Prior to the 1991 "mid-terms" for NJ, Democrats held majorities in both the NJ Assembly and the State Senate. But voter anger was so great that after the 1991 election, Republicans were to win veto-proof majorities in both Houses. An example of Republican strength at this time was their promise to rollback the sales tax, which was raised by one percentage point during the first two years of the Florio administration. The rollback was passed in both Houses, only to be vetoed by Florio. Republicans then overrode Florio's veto and the rollback was passed.

In order to pay for the increased aid in rural and urban districts and maintain suburban school aid, Florio and the legislature passed the "Pension Reevaluation Act." The Pension Reevaluation Act changed the actuarial calculations used to calculate the State's pension contributions, from using the book value of pension assets, a more conservative approach, to a market-related value, and increased the assumed rate of return for investments from 7 percent to 8.75 percent. The Pension Reevaluation Act reduced New Jersey's pension contributions by $1.5 billion in 1992 and 1993 alone.[9]

Florio also signed a 20% reduction of auto insurance premiums.[14] In May 1990, he enacted the stiffest laws in the U.S. on owning or selling semi-automatic firearms. However, in 1993, Florio vetoed a bill the Republican-led legislature introduced to repeal most of the law. The National Rifle Association lobbied hard to override the governor's veto, but the Republicans backed down.[15]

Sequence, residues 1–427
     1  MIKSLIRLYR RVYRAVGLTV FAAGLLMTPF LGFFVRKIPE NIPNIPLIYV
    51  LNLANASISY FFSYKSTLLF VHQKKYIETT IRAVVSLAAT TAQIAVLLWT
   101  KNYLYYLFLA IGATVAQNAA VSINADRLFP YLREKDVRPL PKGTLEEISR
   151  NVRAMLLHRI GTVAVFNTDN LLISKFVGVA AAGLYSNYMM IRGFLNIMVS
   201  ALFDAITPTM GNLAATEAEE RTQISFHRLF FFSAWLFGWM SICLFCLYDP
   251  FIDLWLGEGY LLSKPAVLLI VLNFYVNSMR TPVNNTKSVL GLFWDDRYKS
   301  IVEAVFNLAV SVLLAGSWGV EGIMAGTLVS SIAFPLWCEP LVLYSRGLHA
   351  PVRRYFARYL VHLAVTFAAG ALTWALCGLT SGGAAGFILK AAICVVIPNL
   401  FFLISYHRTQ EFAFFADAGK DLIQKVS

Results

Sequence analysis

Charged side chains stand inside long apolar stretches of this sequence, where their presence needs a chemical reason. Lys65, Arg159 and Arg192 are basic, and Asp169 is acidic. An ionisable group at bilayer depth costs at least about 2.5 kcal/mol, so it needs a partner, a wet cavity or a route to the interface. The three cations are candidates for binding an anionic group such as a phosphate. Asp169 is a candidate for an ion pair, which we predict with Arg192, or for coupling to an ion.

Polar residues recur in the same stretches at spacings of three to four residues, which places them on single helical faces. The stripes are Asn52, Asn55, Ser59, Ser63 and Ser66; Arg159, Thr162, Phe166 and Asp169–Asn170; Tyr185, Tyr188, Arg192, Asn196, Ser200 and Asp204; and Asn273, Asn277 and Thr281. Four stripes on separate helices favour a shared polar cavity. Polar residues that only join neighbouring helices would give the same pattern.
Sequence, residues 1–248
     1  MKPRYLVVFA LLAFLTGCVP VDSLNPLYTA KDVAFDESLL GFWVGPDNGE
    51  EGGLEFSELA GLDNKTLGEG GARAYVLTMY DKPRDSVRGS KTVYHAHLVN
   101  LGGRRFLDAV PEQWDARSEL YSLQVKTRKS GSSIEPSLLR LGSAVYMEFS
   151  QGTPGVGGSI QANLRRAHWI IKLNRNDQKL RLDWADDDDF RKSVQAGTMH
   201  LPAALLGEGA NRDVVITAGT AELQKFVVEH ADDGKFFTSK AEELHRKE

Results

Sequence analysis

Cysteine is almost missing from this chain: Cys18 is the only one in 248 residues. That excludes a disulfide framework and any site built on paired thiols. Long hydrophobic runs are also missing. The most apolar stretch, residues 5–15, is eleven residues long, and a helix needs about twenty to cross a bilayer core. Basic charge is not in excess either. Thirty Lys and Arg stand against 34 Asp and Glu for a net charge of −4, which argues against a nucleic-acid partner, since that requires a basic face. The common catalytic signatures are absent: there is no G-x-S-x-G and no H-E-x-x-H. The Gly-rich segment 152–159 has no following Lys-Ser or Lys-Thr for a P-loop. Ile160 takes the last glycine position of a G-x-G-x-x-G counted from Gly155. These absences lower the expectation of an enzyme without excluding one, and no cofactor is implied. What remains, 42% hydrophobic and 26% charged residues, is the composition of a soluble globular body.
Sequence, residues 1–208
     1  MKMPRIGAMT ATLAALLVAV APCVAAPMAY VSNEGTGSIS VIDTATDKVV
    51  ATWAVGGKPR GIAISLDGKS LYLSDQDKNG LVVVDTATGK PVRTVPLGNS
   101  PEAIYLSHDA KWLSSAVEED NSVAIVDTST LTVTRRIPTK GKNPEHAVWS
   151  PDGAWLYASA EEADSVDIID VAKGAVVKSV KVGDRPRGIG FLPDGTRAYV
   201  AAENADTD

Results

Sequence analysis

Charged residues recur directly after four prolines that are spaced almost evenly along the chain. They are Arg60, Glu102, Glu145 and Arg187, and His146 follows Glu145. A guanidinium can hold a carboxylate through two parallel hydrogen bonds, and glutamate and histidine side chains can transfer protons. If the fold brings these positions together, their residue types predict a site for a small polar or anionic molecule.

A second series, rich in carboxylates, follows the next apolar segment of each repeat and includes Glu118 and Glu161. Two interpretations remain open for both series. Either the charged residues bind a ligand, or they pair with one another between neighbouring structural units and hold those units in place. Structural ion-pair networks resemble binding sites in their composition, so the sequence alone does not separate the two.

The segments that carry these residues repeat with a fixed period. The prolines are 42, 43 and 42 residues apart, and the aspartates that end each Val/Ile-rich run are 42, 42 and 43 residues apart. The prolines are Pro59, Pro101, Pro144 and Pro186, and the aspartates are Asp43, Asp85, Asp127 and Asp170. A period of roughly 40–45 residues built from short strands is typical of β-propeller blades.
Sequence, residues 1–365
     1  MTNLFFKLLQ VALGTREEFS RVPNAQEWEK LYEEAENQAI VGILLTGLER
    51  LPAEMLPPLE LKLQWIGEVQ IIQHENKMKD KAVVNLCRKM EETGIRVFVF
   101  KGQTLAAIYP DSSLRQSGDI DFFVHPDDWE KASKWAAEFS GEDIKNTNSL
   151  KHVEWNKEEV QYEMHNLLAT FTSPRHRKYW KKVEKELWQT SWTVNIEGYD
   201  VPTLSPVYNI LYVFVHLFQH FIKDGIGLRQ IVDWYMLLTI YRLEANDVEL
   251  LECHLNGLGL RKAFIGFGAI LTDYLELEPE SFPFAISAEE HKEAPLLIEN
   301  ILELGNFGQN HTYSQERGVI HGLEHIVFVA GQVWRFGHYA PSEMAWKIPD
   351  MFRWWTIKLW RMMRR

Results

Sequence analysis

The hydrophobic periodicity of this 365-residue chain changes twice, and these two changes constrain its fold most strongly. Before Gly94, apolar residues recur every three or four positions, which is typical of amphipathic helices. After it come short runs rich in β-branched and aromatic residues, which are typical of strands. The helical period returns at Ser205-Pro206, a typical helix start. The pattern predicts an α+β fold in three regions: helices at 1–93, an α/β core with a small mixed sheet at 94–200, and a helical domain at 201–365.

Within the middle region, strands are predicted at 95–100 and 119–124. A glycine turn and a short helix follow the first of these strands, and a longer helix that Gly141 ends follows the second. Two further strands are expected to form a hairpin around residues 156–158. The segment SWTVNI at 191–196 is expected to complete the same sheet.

1993 electionEdit

In 1991, the Democrats lost their majority in the state legislature, for the first time in 20 years. The governor's approval ratings were as low as 18% but stabilized to roughly 50% by 1993. He made an effort for conservative support by making tighter restrictions on welfare payments to mothers and enjoyed the strong support of President Bill Clinton. Clinton advisers James Carville and Paul Begala worked on the campaign.

Due in large part to the tax hikes, Florio lost his bid for re-election to Republican Somerset County freeholder Christine Todd Whitman and became the first Democratic Governor since the adoption of the state's current constitution in 1947 to lose a re-election vote. Republican William T. Cahill, elected in 1969, became the first Governor to lose reelection when he was defeated in the Republican primary in 1973.[16] Whitman won by a narrow margin of 26,093 votes out of 2,505,964 votes cast.